Americans in the Land of Lenin: Documentary Photographs of Early Soviet Russia, 1919-1930, a new digital collection of 750 black-and-white photographs of daily life in the Soviet Union, is drawn from the personal papers of Robert L. Eichelberger and Frank Whitson Fetter. The photographs, taken on separate voyages, record their encounters with ordinary citizens of the world's first socialist nation.
Eichelberger (1886-1961), a career military officer, was stationed in Eastern Siberia during the Russian Civil War (1918-1921), alongside other members of the American Expeditionary Force (AEF) and its allies. Over the course of his two-year tour of duty, Eichelberger collected official AEF photos, along with images he made using a small portable camera.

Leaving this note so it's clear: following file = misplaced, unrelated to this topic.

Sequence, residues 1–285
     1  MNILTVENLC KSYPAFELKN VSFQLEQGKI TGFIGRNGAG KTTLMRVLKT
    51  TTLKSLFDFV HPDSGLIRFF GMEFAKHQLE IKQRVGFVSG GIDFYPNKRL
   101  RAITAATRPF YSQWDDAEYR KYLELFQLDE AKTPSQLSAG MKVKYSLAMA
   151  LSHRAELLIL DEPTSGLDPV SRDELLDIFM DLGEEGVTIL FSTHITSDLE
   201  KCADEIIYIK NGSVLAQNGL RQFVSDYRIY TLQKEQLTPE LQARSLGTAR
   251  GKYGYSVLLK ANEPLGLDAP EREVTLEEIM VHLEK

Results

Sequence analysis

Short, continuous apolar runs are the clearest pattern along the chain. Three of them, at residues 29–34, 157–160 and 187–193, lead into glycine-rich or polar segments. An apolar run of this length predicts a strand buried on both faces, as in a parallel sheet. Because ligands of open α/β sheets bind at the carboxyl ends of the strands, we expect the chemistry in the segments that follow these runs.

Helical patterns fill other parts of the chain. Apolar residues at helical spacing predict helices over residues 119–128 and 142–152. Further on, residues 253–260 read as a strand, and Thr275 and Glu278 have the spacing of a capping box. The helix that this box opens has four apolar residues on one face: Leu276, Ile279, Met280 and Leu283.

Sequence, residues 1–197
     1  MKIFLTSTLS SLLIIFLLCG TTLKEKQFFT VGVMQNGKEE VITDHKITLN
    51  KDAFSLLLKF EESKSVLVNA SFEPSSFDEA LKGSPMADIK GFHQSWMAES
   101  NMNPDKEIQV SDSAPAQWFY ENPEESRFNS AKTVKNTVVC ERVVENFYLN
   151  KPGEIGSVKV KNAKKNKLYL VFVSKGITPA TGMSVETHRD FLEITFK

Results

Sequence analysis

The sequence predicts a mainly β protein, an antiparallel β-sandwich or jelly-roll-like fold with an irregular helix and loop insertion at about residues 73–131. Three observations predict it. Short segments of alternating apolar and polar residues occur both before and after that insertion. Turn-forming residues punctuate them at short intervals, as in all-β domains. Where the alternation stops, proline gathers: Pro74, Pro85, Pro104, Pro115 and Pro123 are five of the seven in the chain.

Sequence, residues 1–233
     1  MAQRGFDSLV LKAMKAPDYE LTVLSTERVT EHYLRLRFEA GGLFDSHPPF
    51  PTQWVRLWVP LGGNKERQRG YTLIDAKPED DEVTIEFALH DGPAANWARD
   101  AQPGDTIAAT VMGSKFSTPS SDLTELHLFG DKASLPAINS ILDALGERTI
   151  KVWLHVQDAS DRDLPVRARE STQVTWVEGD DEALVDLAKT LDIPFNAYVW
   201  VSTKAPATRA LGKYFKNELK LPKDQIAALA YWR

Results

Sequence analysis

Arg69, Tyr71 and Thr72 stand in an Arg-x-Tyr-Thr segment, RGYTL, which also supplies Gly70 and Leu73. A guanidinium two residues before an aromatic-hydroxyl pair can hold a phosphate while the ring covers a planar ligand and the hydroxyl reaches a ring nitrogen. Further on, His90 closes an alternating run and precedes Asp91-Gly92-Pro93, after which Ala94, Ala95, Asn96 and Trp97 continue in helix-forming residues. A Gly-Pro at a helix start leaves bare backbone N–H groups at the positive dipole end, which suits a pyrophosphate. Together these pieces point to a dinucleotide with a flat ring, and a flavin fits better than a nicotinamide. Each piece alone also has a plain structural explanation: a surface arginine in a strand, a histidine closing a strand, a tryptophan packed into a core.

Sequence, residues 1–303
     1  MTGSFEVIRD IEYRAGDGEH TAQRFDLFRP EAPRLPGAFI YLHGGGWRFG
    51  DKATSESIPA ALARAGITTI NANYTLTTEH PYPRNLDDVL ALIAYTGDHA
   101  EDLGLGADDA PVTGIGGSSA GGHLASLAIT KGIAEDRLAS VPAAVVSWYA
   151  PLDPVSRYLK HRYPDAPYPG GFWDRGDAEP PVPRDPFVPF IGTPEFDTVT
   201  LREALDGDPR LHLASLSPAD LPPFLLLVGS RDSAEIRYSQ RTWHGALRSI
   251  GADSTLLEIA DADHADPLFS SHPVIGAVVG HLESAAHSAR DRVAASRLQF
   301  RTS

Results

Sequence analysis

These striking amateur photographs provide unique visual documentation of America's first, if ultimately unsuccessful, attempt to use its armed forces for peacekeeping purposes. The photos also create a portrait of life during war-time in an ethnically and religiously diverse region bordering Russia, Mongolia, and China.
Fetter (1889-1992), a professional economist, visited the Soviet Union in 1930, ten years after the defeat of the AEF-led coalition and three years before the U.S. formally recognized the U.S.S.R. Unlike most American visitors, Fetter ventured beyond the Soviet capital, touring the Upper Volga. His photos provide visual documentation of life in the largely Muslim Tatar Autonomous Soviet Socialist Republic and the forced collectivization and rapid industrialization of the Stalin era.
The library's digital collection makes these images of daily life in the Soviet provinces between the world wars available to anyone interested in topics such as Russian visual culture and the history of everyday life, as well as Russian-American cultural relations during the early years of the Soviet Union.